What’s more, Lionhead’s interfaces seem to get better with every game. The Movies gives you a wonderful example of how a little thought and some clever use of context-sensitive control can break down the barriers between the player and the game world. Want to make a star? Drag a waiting wannabe into the stage school and drop her in the relevant room. Want to write a script? Pick up a writer and put them in the room captioned with your genre of choice. And to turn that script into a movie? Pick it up, put it in the casting office, drag your stars in from their icons on the left side of the screen, and preproduction should begin. When rehearsals finish, drag the movie’s icon into the Start Shooting room. It’s that easy.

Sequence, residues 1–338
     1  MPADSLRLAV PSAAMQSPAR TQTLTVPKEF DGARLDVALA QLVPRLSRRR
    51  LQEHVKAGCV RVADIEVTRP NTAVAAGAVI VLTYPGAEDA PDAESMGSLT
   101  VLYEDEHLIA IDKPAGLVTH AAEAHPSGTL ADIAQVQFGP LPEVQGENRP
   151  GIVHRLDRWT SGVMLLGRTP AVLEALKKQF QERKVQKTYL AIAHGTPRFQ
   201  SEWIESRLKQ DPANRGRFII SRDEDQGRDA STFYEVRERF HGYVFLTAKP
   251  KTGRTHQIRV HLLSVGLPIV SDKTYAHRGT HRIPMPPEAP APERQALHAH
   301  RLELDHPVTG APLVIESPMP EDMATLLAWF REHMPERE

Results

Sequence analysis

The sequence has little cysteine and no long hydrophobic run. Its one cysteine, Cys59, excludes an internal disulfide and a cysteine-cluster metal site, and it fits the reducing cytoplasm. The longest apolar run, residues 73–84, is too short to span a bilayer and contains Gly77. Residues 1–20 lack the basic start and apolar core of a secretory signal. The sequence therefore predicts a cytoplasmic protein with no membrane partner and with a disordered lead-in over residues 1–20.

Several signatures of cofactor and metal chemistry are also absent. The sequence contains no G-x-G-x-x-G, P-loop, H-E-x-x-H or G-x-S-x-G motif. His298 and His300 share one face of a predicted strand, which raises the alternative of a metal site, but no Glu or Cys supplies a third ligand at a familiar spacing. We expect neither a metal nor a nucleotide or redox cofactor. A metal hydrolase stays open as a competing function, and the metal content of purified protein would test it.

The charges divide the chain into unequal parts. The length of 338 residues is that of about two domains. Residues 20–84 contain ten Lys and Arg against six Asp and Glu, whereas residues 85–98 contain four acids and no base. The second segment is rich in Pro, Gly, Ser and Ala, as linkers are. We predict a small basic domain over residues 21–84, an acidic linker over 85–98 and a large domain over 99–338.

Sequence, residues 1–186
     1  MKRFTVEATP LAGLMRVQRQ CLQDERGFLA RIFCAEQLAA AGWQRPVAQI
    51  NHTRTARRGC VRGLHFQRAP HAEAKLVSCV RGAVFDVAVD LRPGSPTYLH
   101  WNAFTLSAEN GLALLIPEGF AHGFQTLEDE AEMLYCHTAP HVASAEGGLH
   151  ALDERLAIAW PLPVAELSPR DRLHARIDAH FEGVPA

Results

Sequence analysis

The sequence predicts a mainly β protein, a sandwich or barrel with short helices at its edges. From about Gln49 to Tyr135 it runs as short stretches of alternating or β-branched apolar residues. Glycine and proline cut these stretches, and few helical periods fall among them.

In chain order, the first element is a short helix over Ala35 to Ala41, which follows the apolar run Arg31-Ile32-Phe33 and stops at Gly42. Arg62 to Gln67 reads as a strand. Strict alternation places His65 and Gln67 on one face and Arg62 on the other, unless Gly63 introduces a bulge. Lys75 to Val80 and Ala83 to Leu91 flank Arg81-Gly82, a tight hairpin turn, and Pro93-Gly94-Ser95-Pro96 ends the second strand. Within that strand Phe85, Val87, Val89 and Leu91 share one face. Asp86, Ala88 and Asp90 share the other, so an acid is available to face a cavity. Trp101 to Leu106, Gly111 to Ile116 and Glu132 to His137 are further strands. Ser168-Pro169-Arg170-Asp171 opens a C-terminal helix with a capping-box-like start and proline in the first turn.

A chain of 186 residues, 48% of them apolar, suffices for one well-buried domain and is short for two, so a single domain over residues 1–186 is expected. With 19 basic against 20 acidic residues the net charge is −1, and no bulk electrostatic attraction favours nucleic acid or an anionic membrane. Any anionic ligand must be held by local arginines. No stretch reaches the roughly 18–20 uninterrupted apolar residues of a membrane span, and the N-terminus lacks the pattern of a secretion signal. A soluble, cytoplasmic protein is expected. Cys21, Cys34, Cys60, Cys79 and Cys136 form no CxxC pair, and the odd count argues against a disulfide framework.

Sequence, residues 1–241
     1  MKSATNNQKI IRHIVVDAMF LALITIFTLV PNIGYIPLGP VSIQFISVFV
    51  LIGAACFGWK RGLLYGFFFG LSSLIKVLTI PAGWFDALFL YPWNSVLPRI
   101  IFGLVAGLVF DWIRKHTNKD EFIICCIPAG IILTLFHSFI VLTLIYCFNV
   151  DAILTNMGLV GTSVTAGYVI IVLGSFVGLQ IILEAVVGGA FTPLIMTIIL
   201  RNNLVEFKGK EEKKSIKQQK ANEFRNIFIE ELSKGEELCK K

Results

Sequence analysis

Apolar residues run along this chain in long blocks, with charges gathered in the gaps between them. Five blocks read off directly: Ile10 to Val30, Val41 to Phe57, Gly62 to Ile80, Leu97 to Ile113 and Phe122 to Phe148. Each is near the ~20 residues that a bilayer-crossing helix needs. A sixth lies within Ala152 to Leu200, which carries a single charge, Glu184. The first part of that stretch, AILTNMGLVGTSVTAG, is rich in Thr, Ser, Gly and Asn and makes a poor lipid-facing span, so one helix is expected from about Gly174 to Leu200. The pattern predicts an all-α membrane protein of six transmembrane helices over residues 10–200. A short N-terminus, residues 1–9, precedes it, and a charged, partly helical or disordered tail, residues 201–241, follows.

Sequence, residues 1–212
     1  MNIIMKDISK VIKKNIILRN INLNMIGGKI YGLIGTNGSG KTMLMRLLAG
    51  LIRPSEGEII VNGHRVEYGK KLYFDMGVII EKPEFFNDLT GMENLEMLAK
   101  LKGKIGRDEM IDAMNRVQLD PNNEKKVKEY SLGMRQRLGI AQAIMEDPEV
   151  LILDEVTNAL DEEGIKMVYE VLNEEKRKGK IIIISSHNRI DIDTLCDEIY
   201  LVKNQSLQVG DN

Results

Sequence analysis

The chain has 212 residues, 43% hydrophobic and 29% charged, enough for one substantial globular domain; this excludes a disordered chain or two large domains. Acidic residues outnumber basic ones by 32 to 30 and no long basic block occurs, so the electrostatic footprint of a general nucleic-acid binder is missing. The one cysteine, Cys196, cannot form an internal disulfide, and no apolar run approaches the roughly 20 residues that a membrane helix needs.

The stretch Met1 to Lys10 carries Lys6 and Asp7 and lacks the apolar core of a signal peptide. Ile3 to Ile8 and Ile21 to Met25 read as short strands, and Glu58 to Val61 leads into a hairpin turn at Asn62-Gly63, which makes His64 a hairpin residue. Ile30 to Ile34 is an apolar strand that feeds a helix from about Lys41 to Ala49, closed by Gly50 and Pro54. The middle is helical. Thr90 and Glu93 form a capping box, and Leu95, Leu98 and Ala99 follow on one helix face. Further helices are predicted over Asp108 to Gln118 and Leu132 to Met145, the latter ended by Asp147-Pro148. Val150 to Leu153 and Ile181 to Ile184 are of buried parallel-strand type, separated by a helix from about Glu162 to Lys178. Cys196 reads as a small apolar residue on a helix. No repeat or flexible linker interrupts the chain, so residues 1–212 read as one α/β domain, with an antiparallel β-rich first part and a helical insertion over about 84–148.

Plus, most of the information you need can be found without having to open a single clumsy status screen or menu. Hover the pointer over a star, and you get info on their current work, their mood and stress levels, any addictions to food and drink, and how they get on with the other characters in your stable. It’s wonderful stuff.
And that’s lucky, because there really is an awful lot to do. Pushing movies through production only takes up roughly 60 per cent of your time. The rest, you’re kept busy building new sets, researching genres, effects and techniques, managing the talent and ensuring they’re in a fit state to give their best performances, hiring maintenance staff, film-crew and assistants, and just making sure your studio lot reflects the developing grandeur of your studio. This last factor is more important than you might think, as the more luxurious your studio, the more likely you are to attract new talent to work in it.